RodionRomanovitch · 56-60, M
I can see why he's trying to conflate the two (to get Congress to approve the latest funding bill) but really they have very little in common , no matter how hard he tries to suggest otherwise.

Also , if he was so keen on resurrecting the myth of the two state solution then why has he done precisely nothing to address it in his first term. And how does he reconcile that idea with the fact that Netanyahu and his Govt. are implacably opposed to any kind of Palestinian State ever ?
Northwest · M
@RodionRomanovitch [quote]why has he done precisely nothing to address it in his first term[/quote]

First term? You mean this term, because in three months, he will have been in office for 2 years only.

The Biden administration has been doing plenty about a 2-state solution, part of the reason why Netanyahu was only invited to the White House a couple of weeks prior to the Oct 7th attack, and the objective was to tell him that his only choice is a 2-state solution, crowned with a deal involving Saudi Arabia, negotiated by the US.

Netanyahu is now effectively gone. The middle right that supported on the grounds of security, dropped him. Even the hateful Sheldon Adelson's legacy papers are calling him unfit to lead.
RodionRomanovitch · 56-60, M
@Northwest Yeah I meant this term , and it will be three years soon not two.

From what I've observed Biden has expended no capital at all in pushing Netanyahu towards a two-state solution (probably because he knew it would be a complete waste of time) and was happy enough to go along with the Trump policy re:the Abram accords and basically ignoring Palestinian claims to Statehood. I'm not sure where you get the idea that he was seriously pushing towards an eventual two state resolution , apart of course from the obligatory clichés that they are all so fond of , and which are meaningless.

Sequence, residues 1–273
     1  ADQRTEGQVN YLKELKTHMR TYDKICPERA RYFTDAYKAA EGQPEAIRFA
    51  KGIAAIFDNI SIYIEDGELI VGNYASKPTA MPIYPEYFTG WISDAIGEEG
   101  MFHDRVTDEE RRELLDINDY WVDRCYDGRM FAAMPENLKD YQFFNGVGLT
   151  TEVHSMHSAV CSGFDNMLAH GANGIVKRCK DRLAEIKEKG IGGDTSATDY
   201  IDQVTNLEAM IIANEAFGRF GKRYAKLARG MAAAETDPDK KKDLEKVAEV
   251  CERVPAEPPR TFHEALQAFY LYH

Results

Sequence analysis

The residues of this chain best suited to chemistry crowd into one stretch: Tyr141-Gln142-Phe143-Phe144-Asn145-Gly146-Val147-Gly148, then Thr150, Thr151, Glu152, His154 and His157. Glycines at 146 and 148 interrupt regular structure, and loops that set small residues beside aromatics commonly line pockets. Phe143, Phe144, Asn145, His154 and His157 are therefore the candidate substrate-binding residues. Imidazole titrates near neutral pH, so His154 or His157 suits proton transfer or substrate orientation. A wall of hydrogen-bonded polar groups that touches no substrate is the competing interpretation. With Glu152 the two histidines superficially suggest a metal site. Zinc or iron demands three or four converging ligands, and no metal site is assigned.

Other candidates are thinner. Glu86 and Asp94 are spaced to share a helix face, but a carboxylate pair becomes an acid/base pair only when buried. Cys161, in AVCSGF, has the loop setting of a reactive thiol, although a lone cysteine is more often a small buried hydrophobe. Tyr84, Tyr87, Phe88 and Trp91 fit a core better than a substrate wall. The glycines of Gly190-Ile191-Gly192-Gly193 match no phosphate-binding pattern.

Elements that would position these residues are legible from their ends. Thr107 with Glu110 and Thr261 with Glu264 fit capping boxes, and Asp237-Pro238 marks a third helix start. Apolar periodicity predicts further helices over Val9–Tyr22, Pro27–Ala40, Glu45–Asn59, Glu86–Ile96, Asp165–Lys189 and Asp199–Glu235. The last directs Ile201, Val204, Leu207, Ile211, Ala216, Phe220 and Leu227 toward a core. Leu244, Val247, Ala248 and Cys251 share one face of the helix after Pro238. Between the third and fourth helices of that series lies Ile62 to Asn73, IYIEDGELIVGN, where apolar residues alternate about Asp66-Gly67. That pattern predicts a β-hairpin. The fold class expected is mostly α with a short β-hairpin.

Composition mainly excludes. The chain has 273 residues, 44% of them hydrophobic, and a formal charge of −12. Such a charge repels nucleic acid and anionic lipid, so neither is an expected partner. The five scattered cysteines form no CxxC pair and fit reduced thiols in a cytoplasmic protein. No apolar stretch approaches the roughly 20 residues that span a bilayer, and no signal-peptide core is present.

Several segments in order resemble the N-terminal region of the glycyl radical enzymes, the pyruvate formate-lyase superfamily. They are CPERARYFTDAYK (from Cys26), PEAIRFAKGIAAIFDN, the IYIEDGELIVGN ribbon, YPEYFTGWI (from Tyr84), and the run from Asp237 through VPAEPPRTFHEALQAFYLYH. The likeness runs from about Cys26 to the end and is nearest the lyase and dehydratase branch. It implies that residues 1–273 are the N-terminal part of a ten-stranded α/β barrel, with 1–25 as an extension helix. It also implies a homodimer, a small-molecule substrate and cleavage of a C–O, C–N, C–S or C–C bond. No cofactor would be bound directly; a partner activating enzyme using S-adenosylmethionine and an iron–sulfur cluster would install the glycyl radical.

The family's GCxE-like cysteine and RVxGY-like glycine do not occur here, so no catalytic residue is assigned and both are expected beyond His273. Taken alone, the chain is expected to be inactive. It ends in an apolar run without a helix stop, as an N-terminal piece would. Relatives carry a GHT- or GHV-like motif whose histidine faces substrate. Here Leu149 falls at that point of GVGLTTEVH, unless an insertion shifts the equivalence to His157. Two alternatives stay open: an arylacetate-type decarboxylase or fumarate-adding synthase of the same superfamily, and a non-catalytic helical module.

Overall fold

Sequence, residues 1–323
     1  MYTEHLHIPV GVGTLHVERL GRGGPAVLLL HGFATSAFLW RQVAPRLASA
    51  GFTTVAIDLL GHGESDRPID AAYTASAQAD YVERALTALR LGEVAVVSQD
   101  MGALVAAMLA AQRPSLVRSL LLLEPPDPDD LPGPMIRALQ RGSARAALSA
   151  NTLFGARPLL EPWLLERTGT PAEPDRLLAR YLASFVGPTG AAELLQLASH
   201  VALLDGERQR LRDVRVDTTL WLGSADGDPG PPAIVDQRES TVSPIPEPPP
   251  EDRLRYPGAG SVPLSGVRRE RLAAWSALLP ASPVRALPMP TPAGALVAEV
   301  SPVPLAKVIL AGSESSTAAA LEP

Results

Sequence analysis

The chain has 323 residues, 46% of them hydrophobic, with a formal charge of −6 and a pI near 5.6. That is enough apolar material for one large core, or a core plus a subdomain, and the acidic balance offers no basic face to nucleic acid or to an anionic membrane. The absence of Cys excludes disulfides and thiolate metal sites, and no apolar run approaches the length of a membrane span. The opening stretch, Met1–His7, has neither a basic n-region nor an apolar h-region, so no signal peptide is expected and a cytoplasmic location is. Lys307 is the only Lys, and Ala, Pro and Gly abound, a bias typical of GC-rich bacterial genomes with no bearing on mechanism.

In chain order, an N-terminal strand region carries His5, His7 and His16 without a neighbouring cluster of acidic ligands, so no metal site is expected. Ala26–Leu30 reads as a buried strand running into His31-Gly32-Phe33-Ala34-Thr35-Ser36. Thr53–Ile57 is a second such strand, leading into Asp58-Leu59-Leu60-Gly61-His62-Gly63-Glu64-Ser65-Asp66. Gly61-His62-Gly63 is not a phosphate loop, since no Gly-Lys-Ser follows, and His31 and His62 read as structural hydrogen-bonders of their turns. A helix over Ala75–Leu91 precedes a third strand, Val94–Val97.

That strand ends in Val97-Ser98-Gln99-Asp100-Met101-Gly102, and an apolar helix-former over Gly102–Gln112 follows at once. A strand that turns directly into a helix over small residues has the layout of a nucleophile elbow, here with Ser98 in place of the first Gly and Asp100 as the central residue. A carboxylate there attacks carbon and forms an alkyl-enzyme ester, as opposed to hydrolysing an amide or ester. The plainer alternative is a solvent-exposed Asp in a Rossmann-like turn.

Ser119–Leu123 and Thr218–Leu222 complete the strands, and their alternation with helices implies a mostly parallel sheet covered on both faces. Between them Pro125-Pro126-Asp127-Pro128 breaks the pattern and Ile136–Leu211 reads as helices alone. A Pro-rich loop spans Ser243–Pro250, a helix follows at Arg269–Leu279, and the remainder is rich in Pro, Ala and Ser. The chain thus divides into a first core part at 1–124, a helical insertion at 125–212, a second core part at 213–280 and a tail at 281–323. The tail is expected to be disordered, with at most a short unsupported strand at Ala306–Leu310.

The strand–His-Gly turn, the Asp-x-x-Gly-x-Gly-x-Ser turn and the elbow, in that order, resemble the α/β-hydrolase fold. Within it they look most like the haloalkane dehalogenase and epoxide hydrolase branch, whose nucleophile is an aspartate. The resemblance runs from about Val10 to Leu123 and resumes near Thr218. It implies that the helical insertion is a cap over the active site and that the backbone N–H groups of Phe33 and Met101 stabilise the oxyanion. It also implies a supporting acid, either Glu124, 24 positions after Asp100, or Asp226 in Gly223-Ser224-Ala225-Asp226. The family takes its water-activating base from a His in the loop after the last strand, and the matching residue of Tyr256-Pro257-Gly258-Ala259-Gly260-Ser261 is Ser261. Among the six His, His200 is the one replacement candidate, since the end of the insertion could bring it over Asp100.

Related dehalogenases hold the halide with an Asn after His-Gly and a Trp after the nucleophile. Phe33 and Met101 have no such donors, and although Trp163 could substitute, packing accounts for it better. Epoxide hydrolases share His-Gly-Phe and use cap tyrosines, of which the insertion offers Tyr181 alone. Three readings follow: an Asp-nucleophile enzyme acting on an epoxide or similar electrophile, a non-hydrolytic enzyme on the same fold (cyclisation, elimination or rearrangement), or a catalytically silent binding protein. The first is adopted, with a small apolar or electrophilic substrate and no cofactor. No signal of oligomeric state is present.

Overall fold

Northwest · M
@RodionRomanovitch not true. The White House has been clear about the 2-state solution. But you can choose your own sources.

Even now, and despite what Netanyahu says, the US is clear about what it wants to see post Netanyahu.
starmitzy · 51-55, F
and who agitated Putin and Hamas to begin with?
GrinNude · 61-69, C
@Northwest When peaceful protest is brutally repressed, violent resistance often follows.
GrinNude · 61-69, C
@Northwest As I understand it, the Oslo Accords made no provision for the internationally recognized right to return. And this proved to be its downfall.
Northwest · M
@GrinNude There is no question that Palestinians were repressed, roughed up, bullied and made to feel inferior. While this was not an official policy, soldiers, much like certain cops on our streets, abused their power, and much like our discriminatory police boards, Israel's establishment looked the other way.

I see a debate here, trying to establish that apartheid does not apply to Israel, because it means racial discrimination, when the Israeli and Palestinian people are the same race, if you take Middle Eastern Jews into consideration.